The Pains Of Being Pure At Heart
Live @ Bristol Thekla Social
November 30, 2009
Review & Photography: Steve Bateman

Having sent The Pains Of Being Pure At Heart an e-mail Q&A this past January and played their debut long player so much, that it has since gone on to become one of my favourite records of 2009. It was cause for celebration, when I found out that the band would be pulling into the Bristol Thekla Social and working their magic on a particularly enthused and adoring audience – who had a reservoir of love for the New Yorker’s damn fine tunesmithery! Discerning music fans who like myself, all most likely cottoned on to the group’s credentials earlier this year as well.

Thinking back to some of the points that I made in my introduction, which preceded the interview at the time, everything that I wrote about the band’s headrush music and hoped for from tonight’s gig, all fell into place; Songs coated with a retro glaze and crackling with energy – check! Like being submerged in a tuneful, blissed-out flotation tank – check! Calming, trebly and sweet-as-candy C86 melodies – check! Sumptuous, soft and syrupy boy / girl vocals – check! Sizeable scoops of warm lo-fi distorted shoegaze fuzz, all trickled with beatific jangly guitars – check!

Striding onstage and opening with an unbuttoned version of This Love Is Fucking Right! bang on at 9pm, the song’s risqué and scabrous subject matter, is somewhat at odds with the quartet’s smiley and genteel demeanour. But in many ways – and most likely by design – beneath the surface of a lot of TPOBPAH’s poppier moments, there seems to be an inherent desire to infiltrate the mainstream and subvert from within, by carefully sugar-coating dark lyrical content. Possibly with a nudge and a sly wink (and in much the same way as Suede did with Animal Nitrate and So Young all those years ago), getting one over on unsuspecting DJs and casual listeners.

Tight, disciplined, on fighting form and with loud cheers encouraging them on, a lucid / scalpel-sharp 103, is followed by Young Adult Friction. Which with a poetic eye, details a romantic liaison in a library of all places and is lifted up with a gold-plated / steamrollering guitar solo – moving both hearts and hips! Afterwards, lead singer Kip tells the crowd: “I met a really cool guy earlier on, who just got back from Afghanistan and he knows more about music than I do!” Whilst sounding extremely pretty and like it could have been siphoned from a soundtrack to a John Hughes movie, the top drawer Stay Alive, does however feature some desperately lonely lyrics: “Come on down, the furthest reaches of your nowhere town, they suck you in, the black hole kids won’t let you free again.”

As the final note rings out, a punter shouts: “Welcome to Bristol – you’re doing great!” Kip, Peggy, Alex and Kurt all chuckle, before Kip spots a super fan in the front-row, who this evening, is unbelievably attending his 17th gig! “You’ve been to more Pains’ shows than me,” Kip quickly quips, to which the fan warmly smiles. A showstopping A Teenager In Love – complete with its groovy bass rundown – is divine, but again, utilises yet another dark lyrical theme: “You don’t need a friend, when you’re a teenager in love with Christ and heroin.”

Following a pendulous Twins, Kip remarks: “You know those bands who can talk to the audience whilst tuning their guitars? Well, we’re not one of those bands… we’ll work on it for the next album!” Everyone laughs. Come Saturday is one of the catchiest numbers in The Pains Of Being Pure At Heart’s songbook and along with the “Ooh, Ooh, Ooh” shards – all of which are sung right back at the group by the crowd. It’s also brushed with Peggy’s keyboard arpeggios / flourishes and her honeyed harmonies, with a chorus: “But come Saturday, you’ll come to stay…” that will set up home in your head and never leave!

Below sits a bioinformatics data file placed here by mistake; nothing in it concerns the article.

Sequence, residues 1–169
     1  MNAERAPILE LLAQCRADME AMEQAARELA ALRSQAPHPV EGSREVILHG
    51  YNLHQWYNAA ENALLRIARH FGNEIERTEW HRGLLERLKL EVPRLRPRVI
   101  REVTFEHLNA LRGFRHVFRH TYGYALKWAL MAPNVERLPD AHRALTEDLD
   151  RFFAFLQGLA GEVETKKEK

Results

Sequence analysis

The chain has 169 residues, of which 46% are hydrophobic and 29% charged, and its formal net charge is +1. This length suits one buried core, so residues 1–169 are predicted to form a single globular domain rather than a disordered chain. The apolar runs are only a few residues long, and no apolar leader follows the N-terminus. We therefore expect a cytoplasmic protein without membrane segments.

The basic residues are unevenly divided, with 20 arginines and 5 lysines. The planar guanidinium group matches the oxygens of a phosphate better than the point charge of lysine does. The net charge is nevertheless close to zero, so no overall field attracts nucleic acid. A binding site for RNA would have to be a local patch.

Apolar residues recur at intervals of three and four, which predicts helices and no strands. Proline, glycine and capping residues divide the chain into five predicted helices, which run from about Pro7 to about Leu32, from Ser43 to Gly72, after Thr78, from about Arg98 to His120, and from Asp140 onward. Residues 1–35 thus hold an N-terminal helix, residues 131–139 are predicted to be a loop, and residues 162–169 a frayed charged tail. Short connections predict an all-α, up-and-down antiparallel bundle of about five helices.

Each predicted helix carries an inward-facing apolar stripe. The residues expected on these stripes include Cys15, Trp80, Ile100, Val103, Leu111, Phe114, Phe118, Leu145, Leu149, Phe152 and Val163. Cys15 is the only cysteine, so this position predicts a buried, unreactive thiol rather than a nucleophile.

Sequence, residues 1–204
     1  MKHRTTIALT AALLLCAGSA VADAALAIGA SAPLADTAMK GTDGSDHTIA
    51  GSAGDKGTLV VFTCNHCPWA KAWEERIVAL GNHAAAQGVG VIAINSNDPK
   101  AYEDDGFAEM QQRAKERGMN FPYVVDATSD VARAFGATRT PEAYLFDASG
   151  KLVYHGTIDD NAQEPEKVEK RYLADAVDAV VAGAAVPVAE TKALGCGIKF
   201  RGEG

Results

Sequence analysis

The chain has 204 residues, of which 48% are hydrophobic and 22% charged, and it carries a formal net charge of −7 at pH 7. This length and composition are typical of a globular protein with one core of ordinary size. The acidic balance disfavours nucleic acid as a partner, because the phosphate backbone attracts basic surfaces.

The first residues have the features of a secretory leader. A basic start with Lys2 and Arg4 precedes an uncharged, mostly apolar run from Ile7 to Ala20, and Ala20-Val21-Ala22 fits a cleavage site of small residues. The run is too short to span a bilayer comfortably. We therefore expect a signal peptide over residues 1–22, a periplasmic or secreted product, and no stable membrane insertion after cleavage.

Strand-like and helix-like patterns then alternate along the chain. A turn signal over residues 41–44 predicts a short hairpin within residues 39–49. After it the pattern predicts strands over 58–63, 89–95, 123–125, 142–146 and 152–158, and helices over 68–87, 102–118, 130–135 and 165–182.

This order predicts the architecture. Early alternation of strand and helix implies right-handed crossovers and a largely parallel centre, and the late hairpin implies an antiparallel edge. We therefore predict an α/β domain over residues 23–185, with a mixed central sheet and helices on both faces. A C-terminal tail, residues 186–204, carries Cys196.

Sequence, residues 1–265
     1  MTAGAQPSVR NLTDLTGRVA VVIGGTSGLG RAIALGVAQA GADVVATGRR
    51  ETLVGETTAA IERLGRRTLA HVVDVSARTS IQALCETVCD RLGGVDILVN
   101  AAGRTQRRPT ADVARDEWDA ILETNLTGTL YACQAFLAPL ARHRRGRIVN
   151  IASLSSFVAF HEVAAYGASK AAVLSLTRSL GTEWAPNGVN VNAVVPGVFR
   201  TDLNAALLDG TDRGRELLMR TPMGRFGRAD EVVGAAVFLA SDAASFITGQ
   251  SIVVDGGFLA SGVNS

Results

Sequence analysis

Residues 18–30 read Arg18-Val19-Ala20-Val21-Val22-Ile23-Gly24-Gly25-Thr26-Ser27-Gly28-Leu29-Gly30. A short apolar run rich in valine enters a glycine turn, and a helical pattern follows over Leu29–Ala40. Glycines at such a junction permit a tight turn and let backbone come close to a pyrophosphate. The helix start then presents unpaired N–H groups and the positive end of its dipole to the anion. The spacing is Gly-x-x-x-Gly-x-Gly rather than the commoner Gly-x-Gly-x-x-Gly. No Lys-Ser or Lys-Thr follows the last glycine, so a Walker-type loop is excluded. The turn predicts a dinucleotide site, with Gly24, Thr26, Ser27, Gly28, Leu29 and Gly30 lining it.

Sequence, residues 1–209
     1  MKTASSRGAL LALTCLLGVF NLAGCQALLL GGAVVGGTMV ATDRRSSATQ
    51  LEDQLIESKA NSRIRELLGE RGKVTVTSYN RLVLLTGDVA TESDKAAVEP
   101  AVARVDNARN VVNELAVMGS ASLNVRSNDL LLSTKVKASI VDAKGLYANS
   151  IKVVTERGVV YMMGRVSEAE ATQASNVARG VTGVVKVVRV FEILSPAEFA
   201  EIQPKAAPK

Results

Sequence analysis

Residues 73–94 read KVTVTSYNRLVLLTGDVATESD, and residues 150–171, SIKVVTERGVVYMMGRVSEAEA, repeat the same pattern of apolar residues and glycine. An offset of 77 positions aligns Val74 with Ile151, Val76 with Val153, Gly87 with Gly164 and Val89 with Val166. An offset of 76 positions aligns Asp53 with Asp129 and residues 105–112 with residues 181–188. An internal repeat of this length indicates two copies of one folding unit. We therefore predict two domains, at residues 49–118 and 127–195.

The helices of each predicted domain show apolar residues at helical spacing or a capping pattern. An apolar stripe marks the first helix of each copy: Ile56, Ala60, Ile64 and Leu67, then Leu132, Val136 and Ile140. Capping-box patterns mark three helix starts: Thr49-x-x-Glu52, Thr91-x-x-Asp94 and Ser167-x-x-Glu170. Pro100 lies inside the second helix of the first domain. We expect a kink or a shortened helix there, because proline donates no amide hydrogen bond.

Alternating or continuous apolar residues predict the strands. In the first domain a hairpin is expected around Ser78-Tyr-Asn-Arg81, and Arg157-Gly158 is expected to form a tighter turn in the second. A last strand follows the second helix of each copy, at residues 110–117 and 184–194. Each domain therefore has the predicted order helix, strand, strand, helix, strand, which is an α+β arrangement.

The sublime and subtly addictive Higher Than The Stars, from the band’s new EP, is a stroke of genius and is followed by yet another new song, Say No To Love, which shows that TPOBPAH are keen to shake things up, progress sonically and not merely be seen as a one-trick pony / C86 students. “Thanks for coming out on a school night” jokes Peggy, “We can’t believe that this is our fourth UK Tour and we’ve never played in Bristol before!” I think I can safely speak for everyone in attendance when I say, I’m so glad that they now finally have! The group then play the track and their namesake, The Pains Of Being Pure At Heart.

For the encore, Everything With You, is dedicated by Kip to “anyone who’s ever made out with their best friend.” Then, after 11 songs and with its galloping Jesus And Mary Chain backbeat drum sound, Gentle Sons is a fantastic finale to a well-balanced and solid set, ending with a make-the-hairs-on-the-back-of-your-neck-stand-up, feedback-fighting, meltdown, screeching guitar solo. A beautiful torrent of cacophonous noise!

Kip, Peggy, Alex and Kurt still smiling (you can sense how much they love what they do), wave goodbye to everyone and look totally happy with their performance.

Tonight, The Pains Of Being Pure At Heart – who in today’s pop’s waters, sound out of time and out of place – proved that they are built to last! And that with songs that you can emotionally invest yourself in and which provide a lifeline to another world, being pure at heart is a pain well worth living with.

Especially when music like theirs can be such a wonderful medicine!

A very special thanks to Tasha @ Anorak London, for all of her time and help.

Bristol Set List

This Love
Stay Alive
Come Saturday
Higher Than The Stars
Say No To Love
- - - - - - - - - - - - - - - - - - - -
Everything With You
Gentle Sons

“If you shut out the sun
The day will never come
If you turn on your side
This night won’t come undone”